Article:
Posted by: billpurdue | February 9, 2012

Discovering Adrian Mole

Last time I said I was reading Sue Townsend’s Adrian Mole and the Weapons of Mass Destruction [Penguin £7.99 9780141015880]. Having just finished the book I’m now left with the feeling which I often experience when I have finished a really good read: a sort of “empty’ feeling which can only be satisfied by finding another good read. I have to confess that it’s the first Adrian Mole book that I have read and  I’m kicking myself for not reading them years ago.

The book begins in the year just before the war against Sadam Hussein. Adrian is 34, working in a second hand bookshop. He decides to get himself a fashionable address in a new block of flats by the canal in the centre of Leicester. In spite of what he’s experienced in his life so far, he is still no good at all with money and as the story progresses, his debts keep on mounting. Feeling sorry for a young lady called Marigold, an ultra “new age” character with overbearing parents, he decides to date her and becomes drawn into a relationship from which he then struggles to leave behind. On top of all that a flock of swans on the canal outside his flat seem intent on attacking him whenever he goes out or returns home. Meanwhile his parents suddenly decide to sell up and convert a couple of pig sties into a new home (whilst living in a tent) with the help of a labourer who goes by the name of Animal.

So Adrian is leading a very hectic life, which all helps to make this book extremely funny – even Jeremy Paxman found it to be the “funniest book of the year” . Time I read some of the other Adrian Mole books, starting with the one that began it all thirty years ago. There’s a special 30th anniversary edition out of The Secret Diary of Adrian Mole Aged 13¾ [Penguin £7.99 9780141046426]

                         Next week sees Valentine’s Day and it’s just a coincidence that on that day I’ll be at Sutton-in-Ashfield library from 11am for an hour along with local author and great friend of mine ,Janet Roberts ,to answer questions about blogging. I’ve been writing this blog since 2008, but Janet has been blogging for longer and now has two blogs, so she is better qualified than me. She will also have some of her books available to sell.

The Chad asked me to write my next column about romance fiction, so possibly on February 15th and article about Mills and Boon books will appear. Light romances are certainly not my cup of tea, so I was glad that I found more than enough information for my article without having to read a romance !

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Responses

  1. My So Nearly Valentine!
    by Joy James

    I’m going to tea at the Reasons, such an elegant up market affair.
    I’ve scrubbed me hands me face and neck and brushed me ‘basin’ cut hair!
    Terry’s asked me to be his Valentine, his red shop bought card told me so,
    This evening he waits on my answer but will I say yes or no?

    I skip down the hill in me plimsolls, heading for tasty treats,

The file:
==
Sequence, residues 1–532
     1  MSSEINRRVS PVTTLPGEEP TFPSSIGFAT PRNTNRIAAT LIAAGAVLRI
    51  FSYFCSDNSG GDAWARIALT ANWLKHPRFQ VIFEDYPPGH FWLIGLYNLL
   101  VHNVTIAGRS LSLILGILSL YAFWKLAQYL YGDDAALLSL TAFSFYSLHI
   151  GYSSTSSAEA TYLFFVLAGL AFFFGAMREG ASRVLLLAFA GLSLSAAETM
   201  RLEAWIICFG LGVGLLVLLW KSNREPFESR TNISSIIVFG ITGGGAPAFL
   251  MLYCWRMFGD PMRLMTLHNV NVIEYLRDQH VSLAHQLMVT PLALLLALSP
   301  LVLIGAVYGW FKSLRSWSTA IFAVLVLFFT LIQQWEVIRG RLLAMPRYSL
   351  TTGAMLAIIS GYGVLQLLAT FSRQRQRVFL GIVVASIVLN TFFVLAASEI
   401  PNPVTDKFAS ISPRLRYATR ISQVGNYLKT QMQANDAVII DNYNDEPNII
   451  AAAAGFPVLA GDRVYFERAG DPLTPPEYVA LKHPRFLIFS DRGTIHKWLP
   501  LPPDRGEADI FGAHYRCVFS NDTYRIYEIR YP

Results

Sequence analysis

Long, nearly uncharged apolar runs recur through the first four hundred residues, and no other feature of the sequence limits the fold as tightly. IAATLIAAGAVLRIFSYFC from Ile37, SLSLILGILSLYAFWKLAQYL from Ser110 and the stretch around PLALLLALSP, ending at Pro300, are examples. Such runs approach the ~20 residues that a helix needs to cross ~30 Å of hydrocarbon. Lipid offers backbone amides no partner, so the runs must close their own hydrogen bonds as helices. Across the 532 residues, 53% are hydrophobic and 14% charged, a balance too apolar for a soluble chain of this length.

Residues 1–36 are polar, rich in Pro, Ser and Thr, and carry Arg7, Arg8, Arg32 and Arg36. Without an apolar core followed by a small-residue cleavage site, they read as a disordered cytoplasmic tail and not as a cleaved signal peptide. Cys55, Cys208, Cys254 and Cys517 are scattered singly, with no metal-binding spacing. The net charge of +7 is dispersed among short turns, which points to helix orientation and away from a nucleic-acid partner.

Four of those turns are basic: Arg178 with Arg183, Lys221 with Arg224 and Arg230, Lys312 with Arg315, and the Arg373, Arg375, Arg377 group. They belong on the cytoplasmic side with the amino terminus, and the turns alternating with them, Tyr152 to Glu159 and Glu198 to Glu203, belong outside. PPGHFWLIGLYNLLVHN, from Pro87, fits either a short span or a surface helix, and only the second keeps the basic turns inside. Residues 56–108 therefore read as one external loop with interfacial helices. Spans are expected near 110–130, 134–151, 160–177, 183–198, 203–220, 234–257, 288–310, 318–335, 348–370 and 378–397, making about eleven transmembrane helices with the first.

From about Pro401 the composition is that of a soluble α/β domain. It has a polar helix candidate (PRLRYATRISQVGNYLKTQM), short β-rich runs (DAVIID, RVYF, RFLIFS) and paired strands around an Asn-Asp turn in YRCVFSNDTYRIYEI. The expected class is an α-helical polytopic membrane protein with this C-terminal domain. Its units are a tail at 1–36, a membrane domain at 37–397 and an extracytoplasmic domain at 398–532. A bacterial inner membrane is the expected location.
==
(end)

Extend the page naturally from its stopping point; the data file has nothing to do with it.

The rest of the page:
He lives in the shop next the flicks, the one that sells chocolates and sweets
    Their house is the best, there’s none finer, silk curtains held back with a frill,
    There’s always fresh fruit on the sideboard, even when nobody’s ill!

    I sit at their sumptuous table, look in wonder through bone china plates,
    I drink tea from a matching cup n eat bread made with nuts and dates.
    We said a prayer before we began, though his posh mam called it ‘grace’.
    And I dabbed my lips as the adults did on a napkin of flowers and lace.

    Their sugar came in tiny squares, that was such a shock to me,
    I used the real silver sugar tongs, and dropped some in me tea!
    I’ve made up me mind and wink at him, he’s the Valentine I want.
    He blows me a kiss across the cheese and salmon vol au vent!

    He’s blonde and wears blue plastic glasses; they call him four eyes at school,
    He woos the girls with Mars Bars and Kit Kats’, cos this lad is nobody’s fool.
    Chrissie Dunn wants him all to herself but she’s far too old at aged ten.
    But then that’s Christine all over, always going for much younger men!

    But I had a trick up my sleeve and captured my beau fair and square,
    I did what the other girls daren’t; I showed the lad…. how to swear!
    Now I‘ve seen the way he looks at me and I know I have made him mine,
    Though as yet, I’ve not turned eight, he’s that bit older, he’s nine!

    Stuffed to the gills I’m so happy, as we stroll arm in arm up the hill,
    Me pockets filled with toffees and the tanner he’s nicked from the till.
    In our twitchel he stops to give me a kiss – I blush cos it’s my first!
    But our noses crashed, his glasses smashed, our affair was sadly cursed.

    Only friends now with no spark of romance, though I got the odd Mars bar or three,
    Chrissie Dunn got all his attention, she steamed his glasses, not me! I saw him a few years ago, he asked how I was I said ‘Fine!’
    Now as wide as he once was tall, he was so nearly my first Valentine!


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